The KDOL's argument that the April 22 order was not a “court order” within the meaning of § 603.5(h) is without merit. The KDOL claims that the order was not a “court order” because the agency was not provided an opportunity to assert its confidentiality objection in response to Amarr's motion. (See KDOL's Reply (ECF No. 28), at 2.) Nothing in § 603.5(h) indicates that the term “court order” refers only to those orders entered by a court after an agency has opposed the initial motion. Indeed, § 603.5(h) references § 603.7(b), which specifically provides that an agency does not need to take action to avoid the disclosure of UC information where a court order is part of “a well-established pattern of prior court decisions” requiring disclosure. Federal law clearly permits the KDOL to disclose the UC records at issue pursuant to the April 22 order.

         2. The UC records are not privileged.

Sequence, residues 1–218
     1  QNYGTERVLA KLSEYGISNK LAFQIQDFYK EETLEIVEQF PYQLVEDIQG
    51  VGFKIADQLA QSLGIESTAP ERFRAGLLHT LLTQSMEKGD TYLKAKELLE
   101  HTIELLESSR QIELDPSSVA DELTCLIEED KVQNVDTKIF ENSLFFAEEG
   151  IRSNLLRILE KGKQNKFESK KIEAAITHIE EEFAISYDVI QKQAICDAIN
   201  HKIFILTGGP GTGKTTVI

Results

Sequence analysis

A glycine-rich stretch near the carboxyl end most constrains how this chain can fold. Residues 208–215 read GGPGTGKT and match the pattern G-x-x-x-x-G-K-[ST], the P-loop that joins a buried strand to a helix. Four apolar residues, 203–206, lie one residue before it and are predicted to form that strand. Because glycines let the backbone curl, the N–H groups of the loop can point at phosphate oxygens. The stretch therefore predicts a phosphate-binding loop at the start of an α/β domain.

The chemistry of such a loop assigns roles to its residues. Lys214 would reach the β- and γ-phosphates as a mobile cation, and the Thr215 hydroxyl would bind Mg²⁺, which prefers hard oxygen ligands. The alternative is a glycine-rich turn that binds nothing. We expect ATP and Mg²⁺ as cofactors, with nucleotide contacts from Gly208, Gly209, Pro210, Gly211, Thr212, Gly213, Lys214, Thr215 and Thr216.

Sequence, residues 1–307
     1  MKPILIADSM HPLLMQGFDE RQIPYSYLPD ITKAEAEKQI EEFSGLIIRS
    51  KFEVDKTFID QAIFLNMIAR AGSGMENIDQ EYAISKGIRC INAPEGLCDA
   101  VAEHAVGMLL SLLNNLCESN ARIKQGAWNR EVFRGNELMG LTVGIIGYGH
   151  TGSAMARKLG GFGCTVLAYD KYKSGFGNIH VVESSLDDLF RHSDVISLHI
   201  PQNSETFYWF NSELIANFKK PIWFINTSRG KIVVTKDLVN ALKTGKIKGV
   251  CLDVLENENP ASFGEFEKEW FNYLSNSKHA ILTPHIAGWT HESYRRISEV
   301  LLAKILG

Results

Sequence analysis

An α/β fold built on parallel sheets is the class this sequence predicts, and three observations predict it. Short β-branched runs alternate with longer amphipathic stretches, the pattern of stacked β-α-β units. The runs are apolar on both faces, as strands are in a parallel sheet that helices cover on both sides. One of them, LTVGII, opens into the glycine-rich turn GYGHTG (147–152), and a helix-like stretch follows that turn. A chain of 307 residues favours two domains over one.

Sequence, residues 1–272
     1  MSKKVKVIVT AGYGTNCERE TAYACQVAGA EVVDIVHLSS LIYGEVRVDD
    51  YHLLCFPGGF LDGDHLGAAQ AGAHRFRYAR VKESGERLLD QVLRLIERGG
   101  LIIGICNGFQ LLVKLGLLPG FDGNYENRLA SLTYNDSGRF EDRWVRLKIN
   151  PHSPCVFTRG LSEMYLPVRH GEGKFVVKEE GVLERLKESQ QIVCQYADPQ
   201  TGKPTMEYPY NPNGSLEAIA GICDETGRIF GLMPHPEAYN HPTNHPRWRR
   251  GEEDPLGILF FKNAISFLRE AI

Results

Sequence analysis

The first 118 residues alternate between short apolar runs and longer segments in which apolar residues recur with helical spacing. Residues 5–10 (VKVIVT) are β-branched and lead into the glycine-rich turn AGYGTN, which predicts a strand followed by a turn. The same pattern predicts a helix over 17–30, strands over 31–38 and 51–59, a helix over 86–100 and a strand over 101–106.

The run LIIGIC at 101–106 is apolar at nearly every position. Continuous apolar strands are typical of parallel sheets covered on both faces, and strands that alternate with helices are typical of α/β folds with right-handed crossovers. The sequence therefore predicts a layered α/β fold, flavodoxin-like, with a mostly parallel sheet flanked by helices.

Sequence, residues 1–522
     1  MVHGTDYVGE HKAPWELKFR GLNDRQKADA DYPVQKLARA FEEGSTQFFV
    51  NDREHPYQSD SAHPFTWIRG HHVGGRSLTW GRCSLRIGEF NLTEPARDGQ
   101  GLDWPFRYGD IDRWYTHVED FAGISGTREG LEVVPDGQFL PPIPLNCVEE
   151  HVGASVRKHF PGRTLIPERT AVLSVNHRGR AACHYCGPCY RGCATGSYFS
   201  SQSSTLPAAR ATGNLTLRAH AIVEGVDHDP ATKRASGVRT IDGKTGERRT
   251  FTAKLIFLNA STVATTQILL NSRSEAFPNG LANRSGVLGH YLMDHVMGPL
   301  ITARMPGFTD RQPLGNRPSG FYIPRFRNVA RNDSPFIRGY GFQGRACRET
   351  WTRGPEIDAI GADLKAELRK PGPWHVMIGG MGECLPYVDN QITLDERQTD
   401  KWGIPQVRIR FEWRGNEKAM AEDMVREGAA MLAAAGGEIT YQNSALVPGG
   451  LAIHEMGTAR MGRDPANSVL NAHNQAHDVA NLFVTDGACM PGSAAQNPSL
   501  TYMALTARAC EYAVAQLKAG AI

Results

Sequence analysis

The KDOL also argues that the UC records at issue are privileged against discovery under § 603.4. Because this is a federal question case, federal law governs claims of privilege. See Fed. R. Evid. 501. The KDOL cites no case law in support of its claim that § 603.4 creates a privilege for UC records under federal law. Indeed, courts analyzing this issue have declined to recognize a new federal common law privilege applicable to UC records. See, e.g., Easter v. Beacon Tri-State Staffing, Inc., No. 2:17-CV-197, 2017 WL 5126153, at *3 (S.D. Ohio Oct. 17, 2017) (commenting that “every court considering the issue has . . . conclude[d] that no privilege for unemployment records should be recognized”); A.G. v. Burroughs, No. 3:13-CV-01051-AC, 2014 WL 1807110, at *7 (D. Or. May 7, 2014) (finding that the UC records sought were ...